Definition and Diagnosis of Chronic Fatigue Syndrome (CFS) in Children and Adolescents
Several case definitions can be used to diagnose CFS in adults. Examples include the 1994 International CFS Case Definition, the 2003 Clinical Canadian ME/CFS case definition, and the 2011 International Consensus Criteria for Myalgic Encephalomyelitis (ME). These three case definitions include a criterion that the individual must have had severe chronic fatigue for 6 or more months. While the 1994 International CFS Case Definition has been primarily used to diagnose CFS in adults, it is also used to diagnose children and adolescents. In 2006, the International Association of Chronic Fatigue Syndrome Pediatric Case Definition Working group developed a case definition specifically for children and adolescents with ME/CFS. This definition requires a 3-month duration of fatigue. However, many doctors treating children and adolescents may not feel comfortable making a final CFS diagnosis after only 3 months.
The 6-month criterion in CFS case definitions does not mean that evaluation and symptom management should wait. Evaluation to rule out other conditions should start as soon as possible, because there could be other illnesses or reasons that explain the fatigue and symptoms. There are multiple conditions under each bodily system. Here are some examples: endocrine (e.g., hypothyroidism), cardiac (e.g., myocarditis), allergic (e.g., allergic rhinitis/sinusitis), infections (bacterial, viral or fungal), and autoimmune conditions (e.g., rheumatoid arthritis, celiac disease). It can often take months or years for an underlying disease to become evident. For this reason, patients may benefit from receiving intervention during the CFS-like stage where the duration of fatigue and the number of symptoms have not yet met CFS diagnostic criteria.
Doctors may consider the possibility of CFS when a child or adolescent experiences fatigue, and 4 or more of accompanying symptoms. These symptoms may include muscle or joint aches, sore throat, tender cervical or axillary lymph nodes, post-exertional malaise and fatigue, pain, and memory or concentration problems.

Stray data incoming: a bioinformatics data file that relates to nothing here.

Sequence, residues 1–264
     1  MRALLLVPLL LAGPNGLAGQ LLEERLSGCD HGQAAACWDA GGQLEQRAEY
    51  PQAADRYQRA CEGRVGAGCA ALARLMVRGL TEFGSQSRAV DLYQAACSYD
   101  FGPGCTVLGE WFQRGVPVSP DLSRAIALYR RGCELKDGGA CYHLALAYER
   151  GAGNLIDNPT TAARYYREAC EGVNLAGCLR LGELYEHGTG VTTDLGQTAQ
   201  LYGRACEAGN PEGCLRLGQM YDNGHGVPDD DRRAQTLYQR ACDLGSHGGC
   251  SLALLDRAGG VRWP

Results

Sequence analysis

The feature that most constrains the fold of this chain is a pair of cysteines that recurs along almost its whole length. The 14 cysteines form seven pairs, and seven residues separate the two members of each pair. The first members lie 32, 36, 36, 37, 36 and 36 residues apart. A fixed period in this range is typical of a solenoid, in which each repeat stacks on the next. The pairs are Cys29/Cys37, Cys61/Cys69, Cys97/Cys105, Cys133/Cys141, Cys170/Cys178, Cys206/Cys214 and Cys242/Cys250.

School absence and difficulties in completion of school assignments could be an indication of cognitive problems, which are commonly reported by CFS patients.
Further exams and tests are needed before a CFS diagnosis can be made. These include:
- A detailed medical history, including a review of medications
- A thorough physical and mental status examination to exclude medical conditions that can present with similar symptoms
- Laboratory screening tests to help identify or rule out other possible causes of the symptoms that could be treated
- Additional tests and/or consultations to follow up on results of the initial screening tests
For doctors, a number of factors can complicate diagnosing CFS in children and adolescents. For example:
- Children and adolescents cannot always accurately describe their symptoms or how they feel.
- There is no lab test or biomarker for CFS.
- Fatigue and other symptoms of CFS are common to many illnesses.
- The illness has an unpredictable pattern of remission and relapse.
- The type, number, and severity of CFS symptoms vary from person to person.
- Parents may describe their child’s symptoms differently from how the child describes his/her symptoms.
Doctors should be aware that CFS in children may result in school absence which may be mistaken for school phobia. However, unlike school phobia, inactivity due to CFS persists on the weekends and during holidays as it does during the school week. It is important to document children’s activity levels and worsening symptoms after physical or mental activities. Changes in participation in hobbies and social activities can help identify illness effects on daily activities.